Those who have crusaded for truth and justice in the media over the years have always been met with resistance. Sometimes, that pushback has been limited to a difference of opinion. On other occasions, there has been real anger and even legal challenges. And in rare instances, violence has been involved. You can bet, however, that those who take on the big boys will always get some sort of fight.
Last week’s Poynter Institute breakdown of the NCAA’s “conflict of interest” charges against New York Times writer Joe Nocera illustrates that point well. Nocera has decided to go after the collegiate organization in print for its treatment of the athletes it purports to represent, and his target has assailed him – predictably. You can’t blame the NCAA for its actions. Nocera is cutting to the crux of the argument against the governing body: that it has only the interests of its member institutions at heart. And he’s not the only one taking aim. In last October’s Atlantic, Pulitzer Prize-winning writer Taylor Branch, who has covered a wide range of topics, turned his attention to the NCAA in an incendiary piece entitled “The Shame of College Sports.”
The NCAA is quite a ripe target for scrutiny, but its response to Nocera’s work – which includes a pair of columns and a long piece in the New York Times Magazine — demonstrates exactly how swiftly and aggressively it will fight back to defend itself. In the case of Nocera, it began by pointing out a couple of factual inaccuracies, which had little impact. But when the NCAA claimed that Nocera had a major conflict of interest regarding the organization, the gloves were definitely off.
It turns out that Nocera’s fiancée is the director of communications at a law firm that is representing former NCAA athletes in what could be a landmark lawsuit against the governing body over control of their – and future athletes’ – likenesses in video games and other profitable pursuits by member institutions. The NCAA argued that since Nocera’s fiancée could profit from a judgment in favor of the plaintiffs, Nocera cannot be objective.
It was a clever tactical maneuver by the NCAA, but it was off base. Nocera’s fiancée has no connection to the case and therefore won’t make a dime if the law firm – Boies, Schiller and Flexner – triumphs. Since Nocera was involved in another conflict of interest question a couple years ago, involving Hewlett-Packard’s hiring of a new CEO and the law firm’s involvement in the transaction, the NCAA felt it had sturdy ground from which to launch its claim. (Nocera claimed at the time that he was unaware of the conflict and admitted he should have checked before writing.)
In this instance, both Nocera and the Times assert that there is no conflict. Because his fiancée does not stand to profit, Nocera is in the clear. The NCAA may not like to hear that, but it’s true. That hardly means the organization will let up. It is being challenged – Nocera has referred to it as a cartel and has vowed to continue writing about it – so it will fight back. Now, The New York Times is hardly a dinky weekly paper without clout. Nocera has some heavy hitters in his corner, should this devolve into a slugfest. But the NCAA is under fire from many different directions at this point, and it appears ready to fight back on each front, the better to maintain its power and influence in the world of college athletics.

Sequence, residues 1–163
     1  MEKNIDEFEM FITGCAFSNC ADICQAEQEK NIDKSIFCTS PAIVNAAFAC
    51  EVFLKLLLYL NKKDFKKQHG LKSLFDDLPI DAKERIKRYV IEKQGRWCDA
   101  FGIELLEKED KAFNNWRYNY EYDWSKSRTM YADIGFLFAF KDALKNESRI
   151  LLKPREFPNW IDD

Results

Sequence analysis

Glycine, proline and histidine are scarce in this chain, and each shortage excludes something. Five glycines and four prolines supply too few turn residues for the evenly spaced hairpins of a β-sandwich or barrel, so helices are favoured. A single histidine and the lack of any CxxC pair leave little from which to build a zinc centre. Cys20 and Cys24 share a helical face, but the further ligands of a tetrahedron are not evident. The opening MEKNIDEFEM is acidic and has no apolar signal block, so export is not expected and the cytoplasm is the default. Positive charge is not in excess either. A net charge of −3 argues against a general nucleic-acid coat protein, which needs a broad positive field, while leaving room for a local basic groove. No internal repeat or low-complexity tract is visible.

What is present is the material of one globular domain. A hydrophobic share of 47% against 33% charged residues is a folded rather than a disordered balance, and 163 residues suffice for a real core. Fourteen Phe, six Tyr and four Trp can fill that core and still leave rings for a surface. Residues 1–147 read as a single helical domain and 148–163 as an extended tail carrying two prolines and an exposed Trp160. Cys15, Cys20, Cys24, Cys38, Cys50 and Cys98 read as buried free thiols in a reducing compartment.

That’s why it’s trying to create doubt about Nocera’s motives. Certainly, the NCAA reasons, he must have something beyond the truth driving him; otherwise he wouldn’t be attacking such an august institution. By insinuating that his fiancée could realize a windfall from the lawsuit, the NCAA is trying to get readers to consider Nocera’s point of view tainted and him unethical. That would make his words less powerful and his assertions seem self-serving.
This is what happens when writers take on big targets. The targets fire back. The NCAA is showing its muscles much the same way it is fighting the lawsuit over the use of players’ rights. That battle took an interesting twist last week when legendary basketball players Bill Russell and Oscar Robertson joined the fray and asked the court to force the NCAA to turn over broadcast contracts with ESPN and FOX (among others), the better to see how much schools are making in return for networks’ being allowed to broadcast the exploits of young athletes. The NCAA argued that since games played between schools are news events, it’s impossible provide a portion of the broadcast rights fees to those making the news, anymore than it would make sense to send a piece of the pie to politicians, soldiers or anyone else who is covered. The difference is that NBC doesn’t pay the U.S. military to cover its operations or send a check to Congress when it airs speeches. ESPN and FOX definitely pay the SEC and Pac-12 Conferences to show their games.
That lawsuit has many more turns to take and won’t likely be resolved for years. Nocera, however, will continue firing at the NCAA in the short run, as he has vowed. Like anyone who is going after big quarry, he must be ready for return fire. The best thing to do is make sure he has his facts straight and add another layer of skin to his hide.
Make that two layers. Looks like the NCAA means business.
Michael Bradley is a writer, broadcaster and teacher headquartered in suburban Philadelphia. His written work has appeared in Sporting News, ESPN the Magazine, Athlon Sports, Hoop and Slam, among others. He is a host on 97.5 the Fanatic in Philadelphia and contributes analysis for Yahoo! Sports Radio and Sirius Mad Dog Radio. He appears on CSNPhilly.com, writes a weekly column on Philadelphia Magazine’s “Philly Post” and has authored 26 books. He teaches sports journalism at Saint Joseph’s, Villanova and Neumann Universities.